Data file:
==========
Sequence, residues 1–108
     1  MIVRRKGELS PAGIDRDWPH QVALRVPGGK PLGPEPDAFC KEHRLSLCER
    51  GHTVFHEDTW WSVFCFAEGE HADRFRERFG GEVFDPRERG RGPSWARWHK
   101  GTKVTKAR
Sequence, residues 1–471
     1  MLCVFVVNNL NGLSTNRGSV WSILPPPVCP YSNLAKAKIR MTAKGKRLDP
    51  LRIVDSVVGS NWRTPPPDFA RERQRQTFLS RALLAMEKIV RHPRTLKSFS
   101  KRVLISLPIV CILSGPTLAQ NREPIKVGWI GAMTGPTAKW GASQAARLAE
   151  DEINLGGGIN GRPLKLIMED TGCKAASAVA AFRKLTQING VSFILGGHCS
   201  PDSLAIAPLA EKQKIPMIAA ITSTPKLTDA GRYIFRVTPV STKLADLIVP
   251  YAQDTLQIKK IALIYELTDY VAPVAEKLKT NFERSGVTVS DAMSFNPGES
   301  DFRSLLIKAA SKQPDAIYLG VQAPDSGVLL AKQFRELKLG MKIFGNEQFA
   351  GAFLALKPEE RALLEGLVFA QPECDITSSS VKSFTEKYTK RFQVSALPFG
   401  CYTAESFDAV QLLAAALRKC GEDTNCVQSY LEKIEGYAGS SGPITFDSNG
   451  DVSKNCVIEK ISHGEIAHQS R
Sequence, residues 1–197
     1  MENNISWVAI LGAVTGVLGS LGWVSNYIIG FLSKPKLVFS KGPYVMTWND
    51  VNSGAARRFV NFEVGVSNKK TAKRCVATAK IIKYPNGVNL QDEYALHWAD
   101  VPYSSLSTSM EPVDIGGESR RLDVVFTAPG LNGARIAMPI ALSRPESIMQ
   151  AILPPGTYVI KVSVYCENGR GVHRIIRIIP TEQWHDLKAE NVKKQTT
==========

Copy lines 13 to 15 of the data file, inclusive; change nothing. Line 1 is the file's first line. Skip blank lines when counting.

   351  GAFLALKPEE RALLEGLVFA QPECDITSSS VKSFTEKYTK RFQVSALPFG
   401  CYTAESFDAV QLLAAALRKC GEDTNCVQSY LEKIEGYAGS SGPITFDSNG
   451  DVSKNCVIEK ISHGEIAHQS R